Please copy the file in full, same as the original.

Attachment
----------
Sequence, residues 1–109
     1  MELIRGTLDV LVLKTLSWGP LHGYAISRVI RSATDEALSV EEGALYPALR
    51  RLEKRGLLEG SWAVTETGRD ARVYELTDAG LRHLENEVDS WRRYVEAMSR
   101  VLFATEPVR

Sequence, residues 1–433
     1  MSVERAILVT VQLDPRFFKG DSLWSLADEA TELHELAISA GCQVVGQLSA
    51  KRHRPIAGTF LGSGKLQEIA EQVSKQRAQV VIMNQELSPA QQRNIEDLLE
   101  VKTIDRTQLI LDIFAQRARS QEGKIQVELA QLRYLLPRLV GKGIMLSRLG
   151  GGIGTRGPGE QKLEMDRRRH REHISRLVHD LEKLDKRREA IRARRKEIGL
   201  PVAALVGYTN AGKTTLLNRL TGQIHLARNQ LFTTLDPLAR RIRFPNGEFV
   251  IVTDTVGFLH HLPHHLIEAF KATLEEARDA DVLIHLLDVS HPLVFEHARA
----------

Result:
Sequence, residues 1–109
     1  MELIRGTLDV LVLKTLSWGP LHGYAISRVI RSATDEALSV EEGALYPALR
    51  RLEKRGLLEG SWAVTETGRD ARVYELTDAG LRHLENEVDS WRRYVEAMSR
   101  VLFATEPVR

Sequence, residues 1–433
     1  MSVERAILVT VQLDPRFFKG DSLWSLADEA TELHELAISA GCQVVGQLSA
    51  KRHRPIAGTF LGSGKLQEIA EQVSKQRAQV VIMNQELSPA QQRNIEDLLE
   101  VKTIDRTQLI LDIFAQRARS QEGKIQVELA QLRYLLPRLV GKGIMLSRLG
   151  GGIGTRGPGE QKLEMDRRRH REHISRLVHD LEKLDKRREA IRARRKEIGL
   201  PVAALVGYTN AGKTTLLNRL TGQIHLARNQ LFTTLDPLAR RIRFPNGEFV
   251  IVTDTVGFLH HLPHHLIEAF KATLEEARDA DVLIHLLDVS HPLVFEHARA